In laboratory experiments, the researchers also succeeded in reproducing the formation of ultrafine particles from lubrication oils. To this end, a common engine lubrication oil was first evaporated at around 300 °C in a hot gas stream, which simulated the exhaust plume of an aircraft engine, and subsequently cooled down. The number-size distribution of the freshly formed particles was then measured.
Alexander Vogel, Professor for Atmospheric Environmental Analytics at the Institute for Atmospheric and Environmental Sciences of Goethe University Frankfurt, explains: “When the oil vapour cools down, the gaseous synthetic esters are supersaturated and form the nuclei for new particles that can then grow fast to around 10 nanometres in size. These particles, as our experiments indicate, constitute a large fraction of the ultrafine particles produced by aircraft engines. The previous assumption that ultrafine particles originate primarily from sulphur and aromatic compounds in kerosene is evidently incomplete. According to our findings, lowering lubrication oil emissions from jet engines holds significant potential for reducing ultrafine particles.”
The experiments show that the formation of ultrafine particles in jet engines is not confined to the combustion of kerosene alone. Potential mitigation measures should take this into consideration. This means that using low-sulphur kerosene or switching to sustainable aviation fuel cannot eliminate all the pollution caused by ultrafine particles.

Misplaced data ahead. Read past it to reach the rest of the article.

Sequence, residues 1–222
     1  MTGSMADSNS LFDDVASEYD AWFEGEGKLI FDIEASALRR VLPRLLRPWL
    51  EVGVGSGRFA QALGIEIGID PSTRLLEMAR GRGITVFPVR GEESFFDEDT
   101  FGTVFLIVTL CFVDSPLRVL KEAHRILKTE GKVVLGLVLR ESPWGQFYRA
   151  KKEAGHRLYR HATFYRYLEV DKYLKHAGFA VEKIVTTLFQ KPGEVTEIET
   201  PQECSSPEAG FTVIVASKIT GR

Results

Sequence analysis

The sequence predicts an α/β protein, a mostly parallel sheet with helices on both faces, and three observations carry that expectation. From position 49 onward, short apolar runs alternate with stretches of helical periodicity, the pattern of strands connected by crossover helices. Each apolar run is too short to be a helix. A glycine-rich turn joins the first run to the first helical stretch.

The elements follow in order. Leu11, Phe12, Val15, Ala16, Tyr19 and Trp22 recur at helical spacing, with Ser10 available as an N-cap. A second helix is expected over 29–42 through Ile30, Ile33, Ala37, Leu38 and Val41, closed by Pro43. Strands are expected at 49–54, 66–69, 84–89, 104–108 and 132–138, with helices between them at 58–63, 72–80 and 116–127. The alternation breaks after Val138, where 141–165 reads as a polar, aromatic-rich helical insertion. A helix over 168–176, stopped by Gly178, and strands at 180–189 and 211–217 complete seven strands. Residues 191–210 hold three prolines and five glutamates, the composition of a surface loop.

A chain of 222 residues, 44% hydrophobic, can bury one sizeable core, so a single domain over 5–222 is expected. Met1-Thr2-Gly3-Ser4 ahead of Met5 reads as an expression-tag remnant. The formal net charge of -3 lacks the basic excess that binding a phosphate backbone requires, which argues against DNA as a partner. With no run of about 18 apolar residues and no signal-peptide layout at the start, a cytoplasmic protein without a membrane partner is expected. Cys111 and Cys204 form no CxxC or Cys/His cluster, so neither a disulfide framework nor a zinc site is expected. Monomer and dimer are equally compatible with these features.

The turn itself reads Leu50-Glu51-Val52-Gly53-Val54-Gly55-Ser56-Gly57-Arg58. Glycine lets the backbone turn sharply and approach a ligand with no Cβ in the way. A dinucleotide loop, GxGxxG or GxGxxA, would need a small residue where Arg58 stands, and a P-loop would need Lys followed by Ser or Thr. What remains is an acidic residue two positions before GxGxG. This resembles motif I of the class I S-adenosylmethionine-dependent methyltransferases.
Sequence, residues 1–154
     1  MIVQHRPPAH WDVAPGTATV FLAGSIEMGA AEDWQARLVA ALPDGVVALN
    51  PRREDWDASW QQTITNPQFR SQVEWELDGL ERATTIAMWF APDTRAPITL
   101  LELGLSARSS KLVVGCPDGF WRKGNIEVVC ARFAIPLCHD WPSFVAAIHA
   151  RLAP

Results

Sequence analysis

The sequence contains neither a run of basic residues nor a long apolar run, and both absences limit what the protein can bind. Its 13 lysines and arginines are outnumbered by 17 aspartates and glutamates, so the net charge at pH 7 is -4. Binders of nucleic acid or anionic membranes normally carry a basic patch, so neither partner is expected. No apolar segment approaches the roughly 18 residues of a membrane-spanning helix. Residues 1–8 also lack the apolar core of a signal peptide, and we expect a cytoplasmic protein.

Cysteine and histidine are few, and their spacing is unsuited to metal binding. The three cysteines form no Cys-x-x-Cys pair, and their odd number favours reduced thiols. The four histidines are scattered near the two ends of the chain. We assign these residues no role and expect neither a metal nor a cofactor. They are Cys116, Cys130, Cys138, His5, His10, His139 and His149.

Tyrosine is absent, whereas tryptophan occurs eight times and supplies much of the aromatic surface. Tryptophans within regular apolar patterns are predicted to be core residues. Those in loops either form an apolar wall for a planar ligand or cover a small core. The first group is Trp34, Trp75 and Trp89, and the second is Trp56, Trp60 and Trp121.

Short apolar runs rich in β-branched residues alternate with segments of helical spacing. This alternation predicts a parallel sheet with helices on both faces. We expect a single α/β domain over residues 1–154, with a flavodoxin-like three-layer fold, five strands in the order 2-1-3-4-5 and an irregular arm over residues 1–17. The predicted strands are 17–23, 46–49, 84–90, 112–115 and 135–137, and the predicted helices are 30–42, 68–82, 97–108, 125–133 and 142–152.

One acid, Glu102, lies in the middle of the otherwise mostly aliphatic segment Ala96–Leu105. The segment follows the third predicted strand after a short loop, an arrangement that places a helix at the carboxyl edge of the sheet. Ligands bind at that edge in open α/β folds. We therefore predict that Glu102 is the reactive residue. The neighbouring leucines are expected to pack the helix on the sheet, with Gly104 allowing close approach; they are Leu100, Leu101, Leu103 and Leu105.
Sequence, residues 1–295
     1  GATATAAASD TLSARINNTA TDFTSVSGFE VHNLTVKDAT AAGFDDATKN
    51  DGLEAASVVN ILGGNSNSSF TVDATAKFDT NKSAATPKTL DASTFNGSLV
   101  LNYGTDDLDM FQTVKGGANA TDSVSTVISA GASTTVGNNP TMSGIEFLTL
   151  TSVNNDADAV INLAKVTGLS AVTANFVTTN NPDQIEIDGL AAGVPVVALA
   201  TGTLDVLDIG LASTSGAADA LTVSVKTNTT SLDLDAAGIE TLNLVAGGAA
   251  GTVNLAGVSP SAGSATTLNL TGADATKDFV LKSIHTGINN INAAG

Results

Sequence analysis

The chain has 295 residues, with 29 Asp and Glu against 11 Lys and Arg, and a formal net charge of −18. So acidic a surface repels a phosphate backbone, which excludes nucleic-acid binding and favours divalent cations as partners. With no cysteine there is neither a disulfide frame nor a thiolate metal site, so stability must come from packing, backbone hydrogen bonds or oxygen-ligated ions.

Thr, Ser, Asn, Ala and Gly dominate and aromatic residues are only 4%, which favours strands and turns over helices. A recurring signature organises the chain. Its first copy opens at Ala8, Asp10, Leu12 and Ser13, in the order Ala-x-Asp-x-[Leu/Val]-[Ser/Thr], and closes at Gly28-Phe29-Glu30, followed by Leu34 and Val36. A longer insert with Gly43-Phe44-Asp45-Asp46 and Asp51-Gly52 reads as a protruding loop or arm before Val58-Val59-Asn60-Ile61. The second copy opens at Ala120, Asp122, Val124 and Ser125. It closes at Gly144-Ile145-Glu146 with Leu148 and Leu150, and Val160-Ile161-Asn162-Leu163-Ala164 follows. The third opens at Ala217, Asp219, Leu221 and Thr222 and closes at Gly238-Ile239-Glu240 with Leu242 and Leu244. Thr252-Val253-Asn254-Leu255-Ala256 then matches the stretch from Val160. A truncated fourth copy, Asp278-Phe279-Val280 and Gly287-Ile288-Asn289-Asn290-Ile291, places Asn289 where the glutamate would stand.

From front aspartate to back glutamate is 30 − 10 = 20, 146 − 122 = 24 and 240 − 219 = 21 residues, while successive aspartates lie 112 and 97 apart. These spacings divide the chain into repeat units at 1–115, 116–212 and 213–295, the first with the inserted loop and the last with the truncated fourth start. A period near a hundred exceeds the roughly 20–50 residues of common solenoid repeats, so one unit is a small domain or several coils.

I think it’s important to be clear here – I don’t think we should be focused on the total elimination of all ultrafine particle sources. It’s a nice idea in theory, but so long as we want to keep the benefits of modern engines of any sort, there’s a good chance we’ll be producing some form of harmful air pollution. What I do want is to drastically reduce the amount we generate, even as we develop things like plant-based jet fuel. As with cars, I think that changing our economy would drastically reduce air travel (it’s almost like I’m obsessed with systemic change. Funny, that), but I also think that it would open up options for slower forms of air travel, like lighter-than-air craft, that don’t require the same kind of heat and friction involved in getting airplanes off the ground.
I also – since it’s a factor we shouldn’t forget – believe that a post-capitalist society would greatly reduce the amount of pollution generated by military activity.
Pollution will probably always be something we have to manage, rather than entirely eliminate, but as we’re all aware by now, we generate far, far more pollution than is required for humanity to have a good standard of living, complete with the benefits of technology. I wish it was as easy as swapping out our fuel sources, as difficult a task as that is. Unfortunately, it keeps coming back to the need for systemic change. Capitalism and imperialism are not the only source of problems in society, but the problems they’re creating have become so big that it’s often hard to even tell what those other problems might be. It’s like worrying about wet feet when you’ve fallen overboard at sea. In the meantime, while there’s no practical way to entirely protect yourself, there’s some evidence that having plants around can help, so support efforts to increase the amount of greenery in cities, and “green walls” around places like airports and freeways. There are plenty of other benefits to doing that, and I really do believe that any steps we take to strengthen people, including literally caring for their health, will bring that systemic change just a little bit more within our reach.